After finding smart home fame with a smoke alarm and thermostat, it was only a matter of time before Nest introduced its own take on the home security system. And sure enough, at a launch event in San Francisco this week the world got its first look at Nest Secure.

With a combination of three main components - Nest Guard (the centrepiece), Nest Tag and Nest Detect - Nest Secure is designed to make sure nobody successfully breaks into your house and gets away with it. As is the case with everything Nest, you control the whole system through its app, relying on motion sensors and secret codes to inform you straight away about any suspicious activity.

It’s a big upgrade on the decidedly dumb alarm you’ve got right now, but only if you’re willing to drop $499 (S$675) for the starter pack. So how does it work? We've seen it in action for all the burglar-proof details.

Design: alarmingly attractive

Security systems are usually pretty hideous things made of cheap plastic, sitting on your wall just waiting to be tricked into action by a rogue spider. Still... nobody needs a sexy alarm, right? Nest reckons otherwise.

Chief amongst its crew of sleek white portectors is the Nest Guard. Puckish in form (think the Echo dot, but blown up slightly), it sits on a surface rather than attaching to your wall. On the top you have an LED ring and a keypad of entirely plain buttons that illuminate with numbers when you need them to. The thing is packed to the brim with tech - motion sensors, NFC, Bluetooth LE, WiFi, LTE, backup battery, speaker - but on the surface it’s all about minimalism. So far, so very Nest then.

Next we have the Nest Detect, an adhesive magnet and sensor that you place next to windows and doors. It looks a bit like a lipstick, with a button at the bottom that you click to notify the system it’s you opening and closing things, rather than an intruder. These Detect sensors have been designed to blend into the background, and Nest assures us they’ll stick to pretty much any surface without issue.

The final piece of the puzzle? That's the Nest Tag, which resembles two giant white chocolate buttons smashed together. You get two Tags with the Secure's starter kit and they're best used as keyrings so their embedded NFC chips allow you to arm and disarm the Nest Guard as you come and go.

Combined, all these devices are well thought out and just feel more intuitive in action than a traditional home security setup. It also helps that both Nest Detect and Tag are built to last. Silicon parts protect the sensors from heat damage, while the little key fob won’t be troubled by a dunk in the sink.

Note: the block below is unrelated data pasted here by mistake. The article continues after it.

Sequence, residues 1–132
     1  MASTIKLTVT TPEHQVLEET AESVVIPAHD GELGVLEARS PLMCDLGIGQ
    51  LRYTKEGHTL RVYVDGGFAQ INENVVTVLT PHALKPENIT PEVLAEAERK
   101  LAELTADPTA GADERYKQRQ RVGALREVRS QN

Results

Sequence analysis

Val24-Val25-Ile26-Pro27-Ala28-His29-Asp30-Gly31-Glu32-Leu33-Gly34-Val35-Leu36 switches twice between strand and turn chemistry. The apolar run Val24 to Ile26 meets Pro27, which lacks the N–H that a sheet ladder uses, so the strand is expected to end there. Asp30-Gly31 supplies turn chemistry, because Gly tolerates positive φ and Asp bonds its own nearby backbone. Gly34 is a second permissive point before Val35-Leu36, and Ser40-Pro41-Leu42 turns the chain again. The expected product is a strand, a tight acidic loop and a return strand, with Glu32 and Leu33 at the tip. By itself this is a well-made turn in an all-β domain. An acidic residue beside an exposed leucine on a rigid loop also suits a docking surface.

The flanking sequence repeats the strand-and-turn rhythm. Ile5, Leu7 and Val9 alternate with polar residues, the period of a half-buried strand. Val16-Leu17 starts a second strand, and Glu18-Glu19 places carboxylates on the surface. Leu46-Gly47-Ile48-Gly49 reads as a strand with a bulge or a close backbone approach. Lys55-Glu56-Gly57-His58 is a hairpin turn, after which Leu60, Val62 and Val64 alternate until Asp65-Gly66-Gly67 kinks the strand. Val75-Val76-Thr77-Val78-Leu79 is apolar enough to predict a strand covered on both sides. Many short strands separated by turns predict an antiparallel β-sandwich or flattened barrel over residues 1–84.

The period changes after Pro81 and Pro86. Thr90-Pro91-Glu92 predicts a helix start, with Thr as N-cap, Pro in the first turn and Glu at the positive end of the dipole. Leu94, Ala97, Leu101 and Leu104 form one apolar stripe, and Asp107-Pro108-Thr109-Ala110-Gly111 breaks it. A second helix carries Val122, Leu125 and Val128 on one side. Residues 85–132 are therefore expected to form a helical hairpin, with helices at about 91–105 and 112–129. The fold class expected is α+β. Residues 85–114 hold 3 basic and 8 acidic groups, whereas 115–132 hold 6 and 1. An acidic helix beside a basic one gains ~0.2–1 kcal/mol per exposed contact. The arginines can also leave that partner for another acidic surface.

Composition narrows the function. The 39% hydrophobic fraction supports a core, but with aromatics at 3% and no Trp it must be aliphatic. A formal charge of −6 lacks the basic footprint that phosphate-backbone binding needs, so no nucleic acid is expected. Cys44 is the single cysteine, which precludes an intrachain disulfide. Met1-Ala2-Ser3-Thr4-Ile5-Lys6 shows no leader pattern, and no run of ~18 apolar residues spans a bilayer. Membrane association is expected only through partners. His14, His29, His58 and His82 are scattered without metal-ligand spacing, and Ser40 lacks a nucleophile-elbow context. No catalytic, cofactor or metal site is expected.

Usability: on guard at all times

Once you’ve established your new security system, it works exactly as you’d expect it to. When leaving the house, you can arm the Secure by pressing a button or - the easiest way - by tapping your Nest Tag just before you walk through the door. It’s the same deal for disarming, only this time anyone without a Tag handy will be asked to enter the code in a period of time that you can determine. Knowing how much children enjoy wildly mashing buttons, Nest also gives you the option of requiring a passcode for arming. Wise.

I had a good play around with the various input options and they all worked perfectly. The ability to deactivate the alarm with the Tag is more convenient than entering a code, not to mention a godsend for anyone prone to forgetting theirs. I also really like how the keypad only appears when you’re unable to tag.

Nest is great at making its products talk to one another, and with Nest Secure that communication is key. The main hub is capable of motion detection for a distance of 10ft, or 15ft for Nest Detect. You can tell the Nest Guard not to react to movement (more on that in a bit), while the Quiet Open feature lets you temporarily bypass the alarm by pressing a button on the Detect before you make your silent exit. But otherwise failure to enter the code in the allotted time (anything from 30 seconds to five minutes) will result in the alarm going off.

And what an alarm it is. Set at 85 dB (the volume can’t be altered), I was assured by a member of the team that "it’s pretty uncomfortably loud”. Confirmation came when someone in the room accidentally triggered it. Put it this way: burglars aren’t going to hang around in this racket. It should be noted that unless you invest in one of Nest’s cameras, you won’t be getting the most out of this technology. Alerts about strange movements in your house are much more useful when you can see exactly what’s happening. Add a Nest Cam IQ into the mix and an already pricey security system just got a whole lot more expensive.

Is the outlay worth it in the long run? Nest obviously thinks so, and their research seems pretty conclusive that would be wrong-doers are put right off by this stuff.

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